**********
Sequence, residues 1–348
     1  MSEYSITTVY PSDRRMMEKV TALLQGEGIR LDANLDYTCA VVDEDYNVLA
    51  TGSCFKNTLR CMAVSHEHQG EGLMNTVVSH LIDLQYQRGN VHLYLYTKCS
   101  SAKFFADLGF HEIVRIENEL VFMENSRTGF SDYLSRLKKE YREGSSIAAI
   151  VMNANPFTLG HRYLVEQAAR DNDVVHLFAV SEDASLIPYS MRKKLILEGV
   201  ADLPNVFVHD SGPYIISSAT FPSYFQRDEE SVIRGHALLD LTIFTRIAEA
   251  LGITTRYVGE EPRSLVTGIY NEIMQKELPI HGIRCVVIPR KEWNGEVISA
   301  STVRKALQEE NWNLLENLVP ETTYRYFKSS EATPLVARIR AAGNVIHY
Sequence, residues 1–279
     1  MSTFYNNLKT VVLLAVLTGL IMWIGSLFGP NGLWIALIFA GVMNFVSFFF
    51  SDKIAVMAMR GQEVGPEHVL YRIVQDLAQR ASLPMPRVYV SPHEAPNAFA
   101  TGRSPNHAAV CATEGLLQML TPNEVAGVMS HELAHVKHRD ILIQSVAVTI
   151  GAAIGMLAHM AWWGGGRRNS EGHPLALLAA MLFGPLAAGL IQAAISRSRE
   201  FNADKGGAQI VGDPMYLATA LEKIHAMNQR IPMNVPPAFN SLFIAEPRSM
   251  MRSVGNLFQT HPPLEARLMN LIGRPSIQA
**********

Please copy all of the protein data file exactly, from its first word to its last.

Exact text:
Sequence, residues 1–348
     1  MSEYSITTVY PSDRRMMEKV TALLQGEGIR LDANLDYTCA VVDEDYNVLA
    51  TGSCFKNTLR CMAVSHEHQG EGLMNTVVSH LIDLQYQRGN VHLYLYTKCS
   101  SAKFFADLGF HEIVRIENEL VFMENSRTGF SDYLSRLKKE YREGSSIAAI
   151  VMNANPFTLG HRYLVEQAAR DNDVVHLFAV SEDASLIPYS MRKKLILEGV
   201  ADLPNVFVHD SGPYIISSAT FPSYFQRDEE SVIRGHALLD LTIFTRIAEA
   251  LGITTRYVGE EPRSLVTGIY NEIMQKELPI HGIRCVVIPR KEWNGEVISA
   301  STVRKALQEE NWNLLENLVP ETTYRYFKSS EATPLVARIR AAGNVIHY
Sequence, residues 1–279
     1  MSTFYNNLKT VVLLAVLTGL IMWIGSLFGP NGLWIALIFA GVMNFVSFFF
    51  SDKIAVMAMR GQEVGPEHVL YRIVQDLAQR ASLPMPRVYV SPHEAPNAFA
   101  TGRSPNHAAV CATEGLLQML TPNEVAGVMS HELAHVKHRD ILIQSVAVTI
   151  GAAIGMLAHM AWWGGGRRNS EGHPLALLAA MLFGPLAAGL IQAAISRSRE
   201  FNADKGGAQI VGDPMYLATA LEKIHAMNQR IPMNVPPAFN SLFIAEPRSM
   251  MRSVGNLFQT HPPLEARLMN LIGRPSIQA